Latin Class online
May 29, 2019 7:07 AM   Subscribe

Are there any online courses (whether with or without credit) that teach latin that are worth paying for? (Or free?)

I have been loving duolingo and am disappointed they don't have latin, yet. I have some of my old latin books and want to do self study, but I'm finding the online learning model much more helpful that my own self study (also I would love to hear more educated guesses of pronunciation and use of spoken latin in the program).

Has anyone taken either free or paid classes in latin online they had a good experience with? My goal is to be able to read latin literature in latin, so I'm looking for an in depth serious class and not just an overview. I'd like a lot of vocab practice which is absent from a lot of the youtube videos in which they most often talk in English about grammar most of the time. I get it, I did two years of lectures about that, but I really would like a more functional class in the style of duolingo that gets your brain thinking in latin instead of thinking about the idea of latin. I'm familiar with some of the more popular latin language youtube channels and have not found them very helpful for self study.

I would prefer not for credit, but if for credit classes are the only way to get quality I am willing to do credit classes and pay if I know the program is good and available online only. I would LOVE to take the community college course here, but they don't have it online.
posted by xarnop to Education (9 answers total) 10 users marked this as a favorite
 
Here is the page for University of Cambridge School Classics distance learning program. Neither Harvard nor MIT seem to have Latin courses online right now, sadly, but there may be other universities that do.
posted by BibiRose at 9:15 AM on May 29 [2 favorites]


The Paideia Institute's "Telepaideia" program is reputable and (relatively) affordable. Unfortunately the intensive Latin course for this summer is full, but you might be able to get on a waitlist.
posted by dd42 at 10:03 AM on May 29 [3 favorites]


It's not online but I can recommend Latin for Reading as an awesome text/work book! It explains things well, has an answer key, and is easy to follow, especially if you have any prior foreign language learning experience. When I have questions, I double-check with a friend who studied Latin in college who happily helps.
posted by smorgasbord at 10:26 AM on May 29 [2 favorites]


resources I have not used:
Udemy has Latin courses (included good ol' Wheelock!) for ~11 USD (with a huge variation in how much content they each seem to provide)
iTalki has Latin teachers. I have heard good things about italki overall but have no particular tutor to recommend.
If you also happen to speak Italian, edX has two Latin courses through an Italian institute.

not recommended:
Mango Language Latin: totally set up for spoken languages. It's weird and clunky to using this or the Biblical Hebrew. Their spoken languages are great, though!
posted by carrioncomfort at 11:36 AM on May 29 [2 favorites]


For the classical languages, online classes may well not be adequate. Just in case you didn't know, if you live in a city with a big university, there may be adult education classes in Latin.
posted by praemunire at 11:49 AM on May 29


The Great Courses have a series of lectures on Latin which I plan to watch. I can’t vouch for it, and it may not be what you’re looking for, but it is a thing that exists.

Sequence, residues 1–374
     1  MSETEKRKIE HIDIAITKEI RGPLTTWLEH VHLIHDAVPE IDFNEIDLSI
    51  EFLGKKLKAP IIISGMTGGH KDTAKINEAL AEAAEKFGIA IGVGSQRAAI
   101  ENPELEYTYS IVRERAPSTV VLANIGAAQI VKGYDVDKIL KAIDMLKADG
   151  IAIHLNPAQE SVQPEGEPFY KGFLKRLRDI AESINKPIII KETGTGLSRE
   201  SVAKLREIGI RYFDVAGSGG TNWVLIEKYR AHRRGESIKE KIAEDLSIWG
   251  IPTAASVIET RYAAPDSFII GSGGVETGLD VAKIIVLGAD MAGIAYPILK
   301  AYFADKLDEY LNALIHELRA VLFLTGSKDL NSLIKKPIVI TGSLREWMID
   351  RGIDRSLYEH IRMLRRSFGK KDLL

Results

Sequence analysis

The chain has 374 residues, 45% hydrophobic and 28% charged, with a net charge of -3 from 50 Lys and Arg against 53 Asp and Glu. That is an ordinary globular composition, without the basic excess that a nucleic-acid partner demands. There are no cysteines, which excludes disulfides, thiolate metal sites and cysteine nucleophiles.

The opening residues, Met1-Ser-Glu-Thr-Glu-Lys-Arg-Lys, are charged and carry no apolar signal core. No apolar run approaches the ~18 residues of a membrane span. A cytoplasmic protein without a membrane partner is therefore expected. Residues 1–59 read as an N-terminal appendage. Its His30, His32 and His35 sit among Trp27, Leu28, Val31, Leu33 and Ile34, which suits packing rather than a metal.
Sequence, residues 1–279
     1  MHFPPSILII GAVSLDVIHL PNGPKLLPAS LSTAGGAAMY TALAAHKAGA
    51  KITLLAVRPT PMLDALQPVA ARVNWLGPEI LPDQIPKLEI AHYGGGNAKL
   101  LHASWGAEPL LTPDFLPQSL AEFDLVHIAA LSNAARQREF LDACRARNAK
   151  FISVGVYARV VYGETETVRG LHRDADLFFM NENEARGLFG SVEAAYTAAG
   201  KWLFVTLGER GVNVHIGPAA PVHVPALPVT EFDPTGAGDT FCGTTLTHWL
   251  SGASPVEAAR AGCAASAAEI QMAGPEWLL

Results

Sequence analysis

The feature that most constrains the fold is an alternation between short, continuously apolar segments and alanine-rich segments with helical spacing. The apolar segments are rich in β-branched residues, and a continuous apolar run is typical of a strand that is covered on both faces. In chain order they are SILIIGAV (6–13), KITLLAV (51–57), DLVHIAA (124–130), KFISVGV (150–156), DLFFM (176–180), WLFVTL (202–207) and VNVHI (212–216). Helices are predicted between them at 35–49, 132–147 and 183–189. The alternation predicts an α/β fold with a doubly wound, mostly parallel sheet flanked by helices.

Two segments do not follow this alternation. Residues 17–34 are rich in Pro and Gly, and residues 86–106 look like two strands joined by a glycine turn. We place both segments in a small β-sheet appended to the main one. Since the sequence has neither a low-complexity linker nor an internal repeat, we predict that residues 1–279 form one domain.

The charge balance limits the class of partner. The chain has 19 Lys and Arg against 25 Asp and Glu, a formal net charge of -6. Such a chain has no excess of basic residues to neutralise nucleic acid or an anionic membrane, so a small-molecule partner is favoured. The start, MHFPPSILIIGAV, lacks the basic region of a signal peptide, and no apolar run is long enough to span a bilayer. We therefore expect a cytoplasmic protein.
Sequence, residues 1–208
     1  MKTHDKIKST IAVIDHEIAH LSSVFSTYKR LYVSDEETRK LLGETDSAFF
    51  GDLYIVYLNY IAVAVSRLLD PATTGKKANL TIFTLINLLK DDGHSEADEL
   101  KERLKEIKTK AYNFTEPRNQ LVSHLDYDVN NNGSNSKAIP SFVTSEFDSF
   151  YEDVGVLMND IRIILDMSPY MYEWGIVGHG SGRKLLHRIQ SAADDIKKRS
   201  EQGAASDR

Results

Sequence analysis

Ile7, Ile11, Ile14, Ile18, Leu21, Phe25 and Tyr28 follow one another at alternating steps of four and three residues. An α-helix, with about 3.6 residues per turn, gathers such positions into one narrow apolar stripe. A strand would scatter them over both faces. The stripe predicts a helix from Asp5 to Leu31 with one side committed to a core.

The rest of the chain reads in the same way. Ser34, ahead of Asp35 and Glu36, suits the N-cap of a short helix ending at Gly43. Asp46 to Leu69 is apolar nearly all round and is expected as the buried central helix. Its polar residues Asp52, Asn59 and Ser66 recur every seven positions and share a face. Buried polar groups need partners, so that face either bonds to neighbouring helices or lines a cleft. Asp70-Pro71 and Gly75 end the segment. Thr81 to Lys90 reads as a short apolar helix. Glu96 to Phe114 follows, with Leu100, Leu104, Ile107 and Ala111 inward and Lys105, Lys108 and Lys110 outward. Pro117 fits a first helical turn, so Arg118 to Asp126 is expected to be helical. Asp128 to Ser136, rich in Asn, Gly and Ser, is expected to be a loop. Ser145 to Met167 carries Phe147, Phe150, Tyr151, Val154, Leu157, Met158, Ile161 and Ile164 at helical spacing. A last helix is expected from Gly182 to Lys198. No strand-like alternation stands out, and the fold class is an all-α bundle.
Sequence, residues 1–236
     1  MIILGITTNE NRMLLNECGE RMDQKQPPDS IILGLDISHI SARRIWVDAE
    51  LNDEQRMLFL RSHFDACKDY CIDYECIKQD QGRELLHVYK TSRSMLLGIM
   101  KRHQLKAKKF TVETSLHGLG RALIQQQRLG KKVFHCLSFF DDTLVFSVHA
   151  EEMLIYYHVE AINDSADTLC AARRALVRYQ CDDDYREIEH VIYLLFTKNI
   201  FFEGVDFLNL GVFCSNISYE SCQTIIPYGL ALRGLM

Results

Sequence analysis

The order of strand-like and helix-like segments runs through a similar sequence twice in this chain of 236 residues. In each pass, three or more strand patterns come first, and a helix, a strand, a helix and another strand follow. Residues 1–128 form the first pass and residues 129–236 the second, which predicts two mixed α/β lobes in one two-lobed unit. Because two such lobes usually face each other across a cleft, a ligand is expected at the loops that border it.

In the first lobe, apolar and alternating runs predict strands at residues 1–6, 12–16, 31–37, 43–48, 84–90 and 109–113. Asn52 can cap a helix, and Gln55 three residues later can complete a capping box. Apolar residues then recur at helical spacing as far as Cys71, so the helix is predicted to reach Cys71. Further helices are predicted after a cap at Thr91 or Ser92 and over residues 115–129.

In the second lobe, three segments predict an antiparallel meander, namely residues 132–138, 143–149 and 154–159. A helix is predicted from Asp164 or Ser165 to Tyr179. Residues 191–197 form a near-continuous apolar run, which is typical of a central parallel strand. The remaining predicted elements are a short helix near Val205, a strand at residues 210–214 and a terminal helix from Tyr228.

posted by Orlop at 2:50 PM on May 29 [1 favorite]


For a few years, a former Latin professor of mine co-organized an online medieval Latin summer reading course. It's not running this summer, but you can access the texts and recordings of students translating, and together it's very much the flavor of a Latin literature course.
posted by yarntheory at 6:07 PM on May 29 [1 favorite]


I'm not sure if this is exactly what you had in mind, but my wife is a former Latin teacher and now tutors students, including online tutoring. She's also run online classes (for high school and middle school students) in the past. Most of her students now are just getting supplemental tutoring for classes they're already taking, but for a motivated adult interested in guided self-study she could work out a curriculum for a series of 1-hour sessions to go through vocabulary, reading comprehension, or anything else the specific individual was interested in, including targeted assignments between sessions for guided study at the student's chosen pace.

So as a general answer, there are several companies that offer online tutoring services which are mostly targeted towards high-school-aged students, but which in general don't care who the clientele are or what their reasons for study are; my wife contracts for one of these, and you could consider exploring online tutoring as a possible strategy for meeting your online learning needs.

As a more specific answer, my wife just sleepily mumbled that she'd probably be able and willing to offer what you're looking for via online one-on-one sessions, so if you'd like to explore that option specifically feel free to Memail me and I'll put you in touch. (I don't know your budget or her rates so if that's a significant factor I'd be able to find the answer to that question for you first.)
posted by biogeo at 9:55 PM on May 29 [2 favorites]


Thank you so much for all your answers, I have a lot to look through!
posted by xarnop at 6:09 AM on June 7


« Older YANMD: SSRI morning fatigue   |   minor fender bender while driving rental: pay for... Newer »

You are not logged in, either login or create an account to post comments